Euthanize or relocate? Provo weighs options for dealing with urban deer

Posted at 7:26 PM, Jul 10, 2015
and last updated 2015-07-11 00:06:16-04

PROVO, Utah – City leaders say the urban mule deer taking up residence in Provo are becoming a nuisance, and now they’re working with the Division of Wildlife Resources to find ways to remove the animals.

“They come right up this trail between my fence, every night and every morning,” said Provo resident Ted Crowther.

Crowther owns a community garden and has had to put up 9-foot fences to keep the deer out. He says he's happy the city is finally doing something about them because he’s been dealing with the deer for decades.

“I’ve fought them for 35 years,” he said. “So I learned how to put a fence up.”

After receiving numerous complaints from residents about “urbanized” deer living in the city, the Provo Municipal Council is taking steps to remove them. City Council Member Gary Winterton said the deer are getting hit by cars, acting aggressively toward residents, and eating people’s gardens.

“They’ve just become more and more tame,” Winterton said. “They’re beautiful animals, and as a kid growing up here in Provo, I loved to see a deer once in a while, but now, we can step out of our front doors and see them almost on a daily basis.”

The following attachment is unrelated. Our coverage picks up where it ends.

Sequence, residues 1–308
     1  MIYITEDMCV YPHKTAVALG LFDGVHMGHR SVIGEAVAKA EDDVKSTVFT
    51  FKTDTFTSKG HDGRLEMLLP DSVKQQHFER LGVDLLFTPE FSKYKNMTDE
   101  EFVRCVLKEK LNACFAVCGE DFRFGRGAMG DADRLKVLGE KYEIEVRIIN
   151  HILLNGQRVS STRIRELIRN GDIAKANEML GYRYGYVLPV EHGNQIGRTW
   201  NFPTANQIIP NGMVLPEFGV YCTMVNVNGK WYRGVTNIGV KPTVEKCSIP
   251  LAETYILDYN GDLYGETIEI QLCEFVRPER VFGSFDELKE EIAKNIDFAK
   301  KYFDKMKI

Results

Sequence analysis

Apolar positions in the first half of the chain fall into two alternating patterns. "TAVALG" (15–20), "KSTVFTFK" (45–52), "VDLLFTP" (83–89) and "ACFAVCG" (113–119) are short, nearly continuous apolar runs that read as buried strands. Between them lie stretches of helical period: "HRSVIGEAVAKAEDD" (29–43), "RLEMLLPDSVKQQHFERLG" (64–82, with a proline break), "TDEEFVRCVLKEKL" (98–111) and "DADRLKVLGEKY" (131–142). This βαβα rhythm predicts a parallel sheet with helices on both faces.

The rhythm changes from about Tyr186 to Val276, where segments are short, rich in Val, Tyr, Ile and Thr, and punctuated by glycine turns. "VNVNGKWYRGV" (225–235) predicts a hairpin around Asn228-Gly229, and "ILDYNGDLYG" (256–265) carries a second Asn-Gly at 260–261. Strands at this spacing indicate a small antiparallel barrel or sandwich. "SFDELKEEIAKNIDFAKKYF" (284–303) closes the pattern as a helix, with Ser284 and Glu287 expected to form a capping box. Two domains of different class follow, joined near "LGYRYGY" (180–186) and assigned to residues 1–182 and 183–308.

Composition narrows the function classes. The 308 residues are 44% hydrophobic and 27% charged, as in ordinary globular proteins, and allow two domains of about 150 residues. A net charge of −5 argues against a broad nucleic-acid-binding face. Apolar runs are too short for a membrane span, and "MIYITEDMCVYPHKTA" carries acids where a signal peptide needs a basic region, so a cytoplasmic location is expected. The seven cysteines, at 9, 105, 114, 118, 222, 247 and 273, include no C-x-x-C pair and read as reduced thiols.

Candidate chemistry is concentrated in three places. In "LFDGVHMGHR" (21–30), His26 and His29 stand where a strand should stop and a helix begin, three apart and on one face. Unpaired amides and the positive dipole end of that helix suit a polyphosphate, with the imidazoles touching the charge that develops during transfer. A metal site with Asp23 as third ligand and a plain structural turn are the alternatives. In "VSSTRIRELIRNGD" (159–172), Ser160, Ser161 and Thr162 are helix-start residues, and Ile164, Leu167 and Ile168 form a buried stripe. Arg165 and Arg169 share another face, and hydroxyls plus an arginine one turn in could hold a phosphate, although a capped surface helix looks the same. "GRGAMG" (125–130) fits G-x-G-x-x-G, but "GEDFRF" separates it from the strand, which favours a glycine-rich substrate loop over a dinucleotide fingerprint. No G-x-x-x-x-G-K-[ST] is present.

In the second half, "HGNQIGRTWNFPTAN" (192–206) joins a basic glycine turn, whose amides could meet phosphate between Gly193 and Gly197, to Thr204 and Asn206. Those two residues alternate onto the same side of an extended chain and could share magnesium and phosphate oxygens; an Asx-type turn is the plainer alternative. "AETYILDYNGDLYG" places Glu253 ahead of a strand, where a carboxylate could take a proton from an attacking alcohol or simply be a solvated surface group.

Other Utah cities have implemented deer removal programs, including Highland and Bountiful. The two main methods for removing them include euthanizing the animals, as is done as part of the urban archery program in Highland, or trapping and relocating them, as is done in Bountiful.

“We don’t want to target any deer that are coming down for the winter or for the spring green-up, we need to control those deer that are staying all year long,” Scott Root with the DWR said.

If the city chooses euthanization, which is the less expensive option, the city can donate the meat to homeless shelters or families in need.

“There’s opportunities to help some people in need too, with meat if they need it. And so we’re just looking to decide what’s best for the city,” Winterton said.

The Provo City Council plans to make a decision by the fall of 2016 on how to safely remove the deer. At that time, they'll work with the DWR and take appropriate measures to get them out of the city.